A Visit to the San Diego Zoo Safari Park
Growing up as a kid in San Diego, I can remember begging my parents to take me to the San Diego Wild Animal Park. I actually can’t recall ever visiting, but whenever I drive anywhere near Escondido, I always think of what lies nestled in those hills. Renamed in 2010, the San Diego Zoo Safari Park is the lesser known sister property to the world famous San Diego Zoo. At a whopping 1,800 acres, it’s been an incredibly successful animal sanctuary and breeding grounds over the past 40 years. The facility focuses on conservation efforts and offers it’s animal residents large open expanse to roam in their “natural environment” and also boasts the world’s largest veterinary hospital.
Aside from walking along paved pathways, The San Diego Zoo Safari Park also offers families the chance to get up close and personal with animals in their habitat. The Africa Tram is included in your paid admission and provides a tour of the Asian Savannah and African Plains. You should definitely plan on hopping aboard for a nice break from walking and also to get a small glimpse of what it’s like to be on a safari.
If you’d like to upgrade your visit, you can choose from a variety of tours to suit your interest and budget. From a 1 hour Cart Safari tour around African Plains or Asian Savanna, to a ride on the longest zip line (2/3 of a mile) in the contiguous United States via the Flightline Safari over animal exhibits, you won’t be disappointed!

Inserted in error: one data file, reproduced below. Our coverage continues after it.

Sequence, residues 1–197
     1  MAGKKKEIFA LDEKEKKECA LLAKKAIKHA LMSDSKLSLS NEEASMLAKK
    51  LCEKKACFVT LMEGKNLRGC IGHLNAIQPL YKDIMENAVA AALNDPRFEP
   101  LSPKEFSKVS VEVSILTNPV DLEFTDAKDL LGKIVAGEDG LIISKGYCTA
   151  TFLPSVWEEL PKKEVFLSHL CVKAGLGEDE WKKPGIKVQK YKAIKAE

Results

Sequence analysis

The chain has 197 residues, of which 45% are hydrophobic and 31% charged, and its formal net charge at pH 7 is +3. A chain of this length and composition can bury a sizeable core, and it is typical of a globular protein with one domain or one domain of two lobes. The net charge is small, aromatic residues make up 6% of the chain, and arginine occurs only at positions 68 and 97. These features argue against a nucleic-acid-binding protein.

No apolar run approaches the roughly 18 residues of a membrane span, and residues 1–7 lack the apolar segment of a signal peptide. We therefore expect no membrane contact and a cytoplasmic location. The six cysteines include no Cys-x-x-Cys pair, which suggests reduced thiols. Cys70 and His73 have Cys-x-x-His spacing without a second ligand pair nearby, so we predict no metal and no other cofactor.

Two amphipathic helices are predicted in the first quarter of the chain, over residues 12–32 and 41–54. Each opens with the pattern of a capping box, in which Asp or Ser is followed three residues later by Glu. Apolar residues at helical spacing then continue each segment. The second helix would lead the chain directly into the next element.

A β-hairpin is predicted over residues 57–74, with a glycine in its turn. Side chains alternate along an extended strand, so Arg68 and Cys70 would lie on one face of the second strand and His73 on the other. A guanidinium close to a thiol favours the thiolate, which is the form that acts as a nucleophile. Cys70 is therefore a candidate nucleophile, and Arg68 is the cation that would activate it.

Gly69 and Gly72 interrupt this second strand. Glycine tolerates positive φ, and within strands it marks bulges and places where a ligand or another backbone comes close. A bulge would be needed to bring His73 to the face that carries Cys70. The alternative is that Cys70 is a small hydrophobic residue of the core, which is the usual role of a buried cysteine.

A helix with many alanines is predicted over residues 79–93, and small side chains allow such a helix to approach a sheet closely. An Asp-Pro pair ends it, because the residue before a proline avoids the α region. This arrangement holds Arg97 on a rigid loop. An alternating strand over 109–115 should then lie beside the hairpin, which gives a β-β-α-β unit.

Did you know there’s more to the Safari Park than most guests see? When you choose a behind the scenes safari you will go off exhibit and off the beaten path for an inside scoop on how the animals are cared for, enclosures are designed, and a better look at how the zoo carries out conservation and research work here in San Diego and around the globe.
I was so excited to be able to take Whistler to check off a childhood bucket list item that I wanted to make our visit extra special. We chose to take the 2 hour Jungle Journey Behind the Scenes Safari and highly recommend the experience. We met our tour guide at a designated location and hopped aboard a 10 person golf cart for our journey. We headed straight out to one of the highlights of the tour, an up close encounter with the giraffe of the jungle, an Okapi.We took a few minutes to learn about the Okapi and how we can do our part to help in their conservation efforts before getting the opportunity to feed these mysterious animals.